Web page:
It’s kind of a feeling of confusion; hitting your head, you’re just seeing stars, you don’t really know where to go anymore, you don’t really know what to do, so you kind of pull everything together. It draws from the confusion of growing up as someone who doesn’t really have role models in popular culture and who looks for role models, especially in a Queer context. Since there aren’t so many of these role models, the collection is about communicating with each other through those that do exist in pop culture or internet culture. It gives room to explore how to communicate in this community together and how to look up to the people that we want to be, that we try to be, and that we try to connect to because there is nobody else to connect to. And then, of course, it has a lot of references from past decades, from the 90s to the 2000s, which were also the times of pop stars, supermodels, and of iconic celebrities. It was the era.
In introducing the collection, you used the term dreamy escapism. What does that mean for you?
Yes! It’s a reflection on Queer identities now versus then. I tried to give tools that my models could use to feel how they wanted to present themselves. In that way dreamy escapism is entering a world where you can be this iconic pop star, you can live this allure of being famous and being successful, but in an uplifting way, like a fantasy. It’s the idea of giving a space where people can try to be more themselves, where they don’t have to perform something or act in a way in a certain context that masks who they actually are. A parallel I could think of is the Ballroom scene, which became a space for queer people, especially BIPOC, to escape somewhere. It’s an escape to better conditions.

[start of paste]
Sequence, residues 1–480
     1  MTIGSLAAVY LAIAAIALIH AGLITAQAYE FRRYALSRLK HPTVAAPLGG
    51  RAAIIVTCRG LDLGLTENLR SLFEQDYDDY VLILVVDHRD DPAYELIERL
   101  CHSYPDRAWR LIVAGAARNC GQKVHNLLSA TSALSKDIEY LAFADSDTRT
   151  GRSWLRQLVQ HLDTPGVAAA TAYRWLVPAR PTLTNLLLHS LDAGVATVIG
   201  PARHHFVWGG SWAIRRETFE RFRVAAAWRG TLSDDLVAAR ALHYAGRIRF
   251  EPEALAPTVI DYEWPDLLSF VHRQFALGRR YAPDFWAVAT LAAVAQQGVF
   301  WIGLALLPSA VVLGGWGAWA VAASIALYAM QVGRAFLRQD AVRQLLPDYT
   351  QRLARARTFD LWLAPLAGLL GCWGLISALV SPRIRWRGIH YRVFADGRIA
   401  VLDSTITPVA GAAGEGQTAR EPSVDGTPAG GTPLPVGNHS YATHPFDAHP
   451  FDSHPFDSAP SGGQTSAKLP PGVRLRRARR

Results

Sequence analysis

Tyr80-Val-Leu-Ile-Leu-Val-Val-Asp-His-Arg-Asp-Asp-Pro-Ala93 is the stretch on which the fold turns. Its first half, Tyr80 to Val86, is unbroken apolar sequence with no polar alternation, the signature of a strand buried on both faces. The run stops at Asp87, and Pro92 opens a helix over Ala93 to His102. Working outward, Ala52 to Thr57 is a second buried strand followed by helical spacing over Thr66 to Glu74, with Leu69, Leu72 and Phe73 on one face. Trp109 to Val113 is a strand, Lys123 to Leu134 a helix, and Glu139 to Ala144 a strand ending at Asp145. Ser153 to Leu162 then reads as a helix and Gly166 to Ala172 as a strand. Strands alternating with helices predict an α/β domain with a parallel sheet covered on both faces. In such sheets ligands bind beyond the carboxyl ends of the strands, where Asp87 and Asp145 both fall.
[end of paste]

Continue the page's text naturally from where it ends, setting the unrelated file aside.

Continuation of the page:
Your references to the nineties and the naughties are particularly prevalent within your silhouettes. Was there any particular pop star, collection or designer from that period that you felt inspired by?
I was referencing a lot of pop stars, actually. Someone like Kylie Minogue was the inspiration behind the sleeveless hoodie. Then of course a lot of Madonna, a lot of Mariah Carey, with this jean skirt from one look that has butterflies on it. I also made a lot of references to the 80s with the big shoulders, the stars and glitter reminiscent of David Bowie. I tried not to use collections or designers as my references as much as I could. I looked more for inspiration in pop stars who have their own kind of taste and style. I also looked a lot at memes because I was really interested in pop culture and how certain symbols or images become pop culture.
I love how you draw from all of these iconic moments and signature styles. Tell me a little about how you see pop culture influencing our culture.
We cannot neglect the fact that we partly live in a digital world. So many things that are happening, stemming from the media, especially in forming aesthetics and shaping what we like and what we think is cool. In my case, there is a lot more creativity and inspiration drawn from the internet, than locally. We have to see the digital world as an extension of the analogue world. Being involved in the process and the ecology of the internet is super important. I was never a fan of calling the internet evil, especially as a Queer person. The internet is a way of seeing things that you would not see otherwise.
What are you currently working on or manifesting for the future of both yourself and your brand?
My wish is to continue this collaborative way of working to establish multiple projects with different people. And I would wish to expand it to other fields to really spread this community network that would eventually in the end also work without me. My goal is to place a seed that will grow into something greater. I’m not Casa Barilli but all the people working with me are Casa Barilli.
That’s beautiful, truly. Thank you so much for speaking with me today.
Thank you so much too.